IRS Data Retrieval Tool

The IRS Data Retrieval Tool (DRT) transfers student or parent IRS tax information directly into the FAFSA form. To ensure the information is secure, it is not displayed on the FAFSA site or the Student Aid Report. Besides the time saved by using the IRS DRT, another benefit for students and parents is that in most cases if the student is selected for verification, the student won't be asked to verify the information imported by the IRS DRT.

You may find that some students or parents are not offered the opportunity to use the IRS DRT while filling out the FAFSA form. Typically, this happens for one of these reasons:

  • The person indicated that they had not filed taxes.
  • The person's marriage date is after the end of the year for which tax information is being reported.
  • The person filed a non-U.S. tax form.
  • The person is married and filed as head of household or married filing separately.
  • Neither married parent entered a valid Social Security number.
  • Both married parents (or the only parent reported on the FAFSA form) entered all zeroes for the Social Security number.

For details and FAQs about the IRS DRT, send your students to StudentAid.gov/irsdrt.


Dependency Status

A student's dependency status is determined by a set of FAFSA questions (preview the questions in the fact sheet Am I Dependent or Independent, which you can download below). A dependent student must report information about their parent(s) on the FAFSA form.

Talking points:

  • A student cannot "declare" themselves independent, even if the student is self-sufficient.
  • A student's dependency status has nothing to do with whether their parents claim them on their tax returns.

The student should contact the financial aid administrator at the college they plan to attend to discuss special circumstances that might affect their dependency status. For details about what types of circumstances might result in a dependency override, and for information about how you can support a student who has special circumstances, see Part 2 of the Counselors and Mentors Handbook on Federal Student Aid.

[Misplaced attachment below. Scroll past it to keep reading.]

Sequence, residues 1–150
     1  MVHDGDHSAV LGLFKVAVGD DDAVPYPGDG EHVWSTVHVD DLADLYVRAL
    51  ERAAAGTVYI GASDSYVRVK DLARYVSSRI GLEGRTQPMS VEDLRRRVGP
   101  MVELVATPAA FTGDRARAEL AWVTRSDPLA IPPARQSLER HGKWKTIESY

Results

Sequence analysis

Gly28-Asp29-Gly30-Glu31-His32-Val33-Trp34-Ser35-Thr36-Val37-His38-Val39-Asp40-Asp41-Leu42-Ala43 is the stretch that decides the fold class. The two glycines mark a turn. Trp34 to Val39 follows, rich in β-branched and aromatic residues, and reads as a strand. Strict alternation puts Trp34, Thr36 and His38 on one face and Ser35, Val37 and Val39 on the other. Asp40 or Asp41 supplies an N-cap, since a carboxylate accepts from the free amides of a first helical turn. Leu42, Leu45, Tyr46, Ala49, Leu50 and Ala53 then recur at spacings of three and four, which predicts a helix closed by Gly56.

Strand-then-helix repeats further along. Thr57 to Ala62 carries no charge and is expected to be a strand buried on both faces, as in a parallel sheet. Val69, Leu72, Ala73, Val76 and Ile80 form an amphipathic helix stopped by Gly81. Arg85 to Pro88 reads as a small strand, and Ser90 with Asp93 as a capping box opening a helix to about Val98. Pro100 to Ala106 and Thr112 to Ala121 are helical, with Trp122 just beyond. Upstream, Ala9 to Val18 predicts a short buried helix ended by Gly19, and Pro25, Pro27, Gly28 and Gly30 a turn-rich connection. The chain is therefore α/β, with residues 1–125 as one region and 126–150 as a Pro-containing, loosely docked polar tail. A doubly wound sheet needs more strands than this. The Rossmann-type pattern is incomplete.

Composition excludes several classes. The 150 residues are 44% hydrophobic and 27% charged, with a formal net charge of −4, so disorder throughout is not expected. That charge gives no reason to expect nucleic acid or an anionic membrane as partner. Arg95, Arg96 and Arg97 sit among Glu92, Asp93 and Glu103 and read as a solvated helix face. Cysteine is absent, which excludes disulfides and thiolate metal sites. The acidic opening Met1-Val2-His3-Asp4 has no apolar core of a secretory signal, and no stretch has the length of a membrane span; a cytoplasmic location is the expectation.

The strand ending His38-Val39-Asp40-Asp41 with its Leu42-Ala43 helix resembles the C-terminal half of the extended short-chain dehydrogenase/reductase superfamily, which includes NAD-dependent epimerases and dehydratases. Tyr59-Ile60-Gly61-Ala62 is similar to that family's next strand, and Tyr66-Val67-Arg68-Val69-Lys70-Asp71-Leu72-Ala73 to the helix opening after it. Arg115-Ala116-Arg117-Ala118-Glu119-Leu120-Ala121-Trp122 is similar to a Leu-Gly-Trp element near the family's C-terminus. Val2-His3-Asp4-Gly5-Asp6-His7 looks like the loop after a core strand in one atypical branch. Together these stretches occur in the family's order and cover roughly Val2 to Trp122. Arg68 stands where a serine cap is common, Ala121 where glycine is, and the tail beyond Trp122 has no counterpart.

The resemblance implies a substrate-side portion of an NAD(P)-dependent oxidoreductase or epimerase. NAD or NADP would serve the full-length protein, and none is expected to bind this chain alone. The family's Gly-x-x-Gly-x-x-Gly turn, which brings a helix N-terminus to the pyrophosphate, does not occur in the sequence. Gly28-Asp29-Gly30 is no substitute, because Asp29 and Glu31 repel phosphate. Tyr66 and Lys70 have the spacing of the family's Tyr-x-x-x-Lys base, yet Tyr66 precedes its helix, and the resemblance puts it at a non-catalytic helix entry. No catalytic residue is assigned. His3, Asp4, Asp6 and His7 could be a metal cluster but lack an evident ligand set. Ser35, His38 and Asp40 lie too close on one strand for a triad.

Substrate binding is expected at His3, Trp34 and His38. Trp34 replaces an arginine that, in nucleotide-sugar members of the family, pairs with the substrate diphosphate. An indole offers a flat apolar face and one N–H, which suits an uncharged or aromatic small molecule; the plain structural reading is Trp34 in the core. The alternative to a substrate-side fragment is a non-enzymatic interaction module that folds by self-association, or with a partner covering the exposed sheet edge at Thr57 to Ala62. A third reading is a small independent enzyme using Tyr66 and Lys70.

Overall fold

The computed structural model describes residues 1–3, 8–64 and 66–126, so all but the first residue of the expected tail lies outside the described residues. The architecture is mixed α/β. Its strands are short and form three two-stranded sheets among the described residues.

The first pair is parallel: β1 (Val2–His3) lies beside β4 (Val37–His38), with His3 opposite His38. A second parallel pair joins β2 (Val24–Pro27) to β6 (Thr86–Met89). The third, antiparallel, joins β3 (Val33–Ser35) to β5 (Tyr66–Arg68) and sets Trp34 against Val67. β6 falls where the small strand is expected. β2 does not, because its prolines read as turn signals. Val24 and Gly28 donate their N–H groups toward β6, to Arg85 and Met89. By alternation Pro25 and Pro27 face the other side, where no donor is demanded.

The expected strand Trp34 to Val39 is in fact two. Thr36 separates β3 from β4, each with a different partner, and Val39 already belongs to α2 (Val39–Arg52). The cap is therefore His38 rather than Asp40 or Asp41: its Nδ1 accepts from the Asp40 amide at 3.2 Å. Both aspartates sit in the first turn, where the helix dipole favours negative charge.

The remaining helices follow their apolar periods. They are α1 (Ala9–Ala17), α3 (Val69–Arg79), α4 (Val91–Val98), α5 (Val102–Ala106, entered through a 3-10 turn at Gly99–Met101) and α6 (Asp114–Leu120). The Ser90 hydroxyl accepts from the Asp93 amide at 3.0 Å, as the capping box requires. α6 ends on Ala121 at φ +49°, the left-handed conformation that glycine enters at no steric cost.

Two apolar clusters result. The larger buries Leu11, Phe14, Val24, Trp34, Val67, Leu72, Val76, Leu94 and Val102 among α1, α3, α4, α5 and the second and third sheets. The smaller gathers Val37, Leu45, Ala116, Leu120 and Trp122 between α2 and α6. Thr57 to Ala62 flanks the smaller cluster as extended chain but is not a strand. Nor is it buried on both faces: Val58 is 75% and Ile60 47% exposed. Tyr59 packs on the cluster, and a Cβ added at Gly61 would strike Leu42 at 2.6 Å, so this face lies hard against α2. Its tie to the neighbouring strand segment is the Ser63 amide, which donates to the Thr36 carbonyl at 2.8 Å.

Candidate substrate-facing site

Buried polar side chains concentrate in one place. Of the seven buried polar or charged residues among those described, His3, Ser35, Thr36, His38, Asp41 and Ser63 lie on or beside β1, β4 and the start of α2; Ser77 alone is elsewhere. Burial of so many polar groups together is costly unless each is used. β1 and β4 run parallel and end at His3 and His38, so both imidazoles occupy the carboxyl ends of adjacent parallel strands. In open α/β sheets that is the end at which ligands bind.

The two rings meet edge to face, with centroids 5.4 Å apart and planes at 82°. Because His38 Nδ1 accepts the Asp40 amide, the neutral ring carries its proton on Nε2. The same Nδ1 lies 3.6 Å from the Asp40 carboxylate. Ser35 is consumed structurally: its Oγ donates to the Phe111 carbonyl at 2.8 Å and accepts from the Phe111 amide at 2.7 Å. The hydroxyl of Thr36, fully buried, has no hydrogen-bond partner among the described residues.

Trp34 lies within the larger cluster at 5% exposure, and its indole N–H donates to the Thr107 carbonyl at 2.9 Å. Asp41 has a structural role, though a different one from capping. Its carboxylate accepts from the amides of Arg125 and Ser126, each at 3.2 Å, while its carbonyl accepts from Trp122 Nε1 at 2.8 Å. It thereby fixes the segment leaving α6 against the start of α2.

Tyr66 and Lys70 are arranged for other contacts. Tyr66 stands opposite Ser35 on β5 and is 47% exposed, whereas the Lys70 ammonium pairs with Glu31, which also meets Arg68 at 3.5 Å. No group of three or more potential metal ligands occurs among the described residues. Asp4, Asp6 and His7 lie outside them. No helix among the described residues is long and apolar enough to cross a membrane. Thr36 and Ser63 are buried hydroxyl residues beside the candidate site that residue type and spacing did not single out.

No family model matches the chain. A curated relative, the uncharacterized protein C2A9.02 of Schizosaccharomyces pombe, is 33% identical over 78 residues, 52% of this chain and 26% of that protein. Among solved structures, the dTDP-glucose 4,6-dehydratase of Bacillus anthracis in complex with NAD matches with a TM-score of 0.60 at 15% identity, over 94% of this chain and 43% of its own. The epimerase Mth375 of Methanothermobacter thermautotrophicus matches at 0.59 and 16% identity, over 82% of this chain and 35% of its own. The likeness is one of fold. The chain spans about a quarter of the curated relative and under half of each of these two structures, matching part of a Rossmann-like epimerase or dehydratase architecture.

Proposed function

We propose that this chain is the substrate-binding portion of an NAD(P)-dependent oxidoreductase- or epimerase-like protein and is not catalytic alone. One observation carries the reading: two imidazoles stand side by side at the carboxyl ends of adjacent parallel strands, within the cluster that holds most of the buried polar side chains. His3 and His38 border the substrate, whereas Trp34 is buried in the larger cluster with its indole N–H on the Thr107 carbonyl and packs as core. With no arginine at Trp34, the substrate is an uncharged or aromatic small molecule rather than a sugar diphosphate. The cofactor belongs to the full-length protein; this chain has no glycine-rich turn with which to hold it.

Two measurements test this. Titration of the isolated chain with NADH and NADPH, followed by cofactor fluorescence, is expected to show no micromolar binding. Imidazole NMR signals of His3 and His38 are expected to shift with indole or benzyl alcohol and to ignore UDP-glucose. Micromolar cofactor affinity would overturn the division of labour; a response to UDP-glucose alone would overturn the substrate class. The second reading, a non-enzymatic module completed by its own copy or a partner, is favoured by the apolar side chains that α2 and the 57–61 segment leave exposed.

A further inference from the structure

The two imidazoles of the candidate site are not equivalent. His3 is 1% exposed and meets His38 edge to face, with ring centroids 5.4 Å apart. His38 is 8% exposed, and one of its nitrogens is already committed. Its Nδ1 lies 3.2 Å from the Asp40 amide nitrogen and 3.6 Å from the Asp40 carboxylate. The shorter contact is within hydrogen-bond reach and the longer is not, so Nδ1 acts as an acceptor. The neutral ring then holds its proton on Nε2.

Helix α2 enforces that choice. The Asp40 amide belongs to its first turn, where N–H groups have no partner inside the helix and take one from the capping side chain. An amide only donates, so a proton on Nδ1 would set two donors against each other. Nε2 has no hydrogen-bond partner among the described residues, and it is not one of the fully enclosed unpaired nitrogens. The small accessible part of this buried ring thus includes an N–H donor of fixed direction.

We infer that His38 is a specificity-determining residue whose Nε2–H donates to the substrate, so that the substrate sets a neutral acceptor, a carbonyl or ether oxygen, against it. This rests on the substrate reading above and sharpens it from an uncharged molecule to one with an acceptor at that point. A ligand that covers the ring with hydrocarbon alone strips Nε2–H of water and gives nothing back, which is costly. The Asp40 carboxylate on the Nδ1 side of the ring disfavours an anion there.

Am I Dependent or Independent?(Result Type: PDF)
Description: Worksheet to help students determine their dependency status when filling out the FAFSA form. [174 KB]
Resource Type: Handout
Also Available in: Spanish(Result Type: PDF)


Who Counts as a Parent

Dependent students are required to report income and other information from the dependent student's legal parents (biological or adoptive) regardless of the parents' marital status or gender, if those parents live together.

You can find plain-language guidance for students and their families at StudentAid.gov/fafsa-parent.

Who's My Parent When I Fill Out My FAFSA® Form? graphic(Result Type: IMG)
Description: Graphic that helps dependent students determine which parent's information to include in the FAFSA form.
Resource Type: Infographic
Also Available in: Spanish(Result Type: IMG)Text Version(Result Type: General)Text Version - Spanish(Result Type: General)


Filling Out the FAFSA® Form Without Access to Parent Information

The application asks whether the student is able to provide information about their parents.

  • If the student indicates that they have special circumstances such as having left home due to an abusive situation, fafsa.gov allows the student to submit the application without entering data about the parents. The student's application will not be processed, and the student must contact the financial aid administrator at the school they plan to attend. The financial aid administrator will ask for additional information to determine whether the student can be considered independent.
  • If the student indicates that the parent refuses to provide information on the FAFSA form and no longer supports the student, federal law allows the student to submit the application without parent information and—after review by the financial aid administrator at the student's chosen school—potentially receive only a dependent Direct Unsubsidized Loan. The student must follow up with the financial aid administrator to find out what to do next to receive the loan.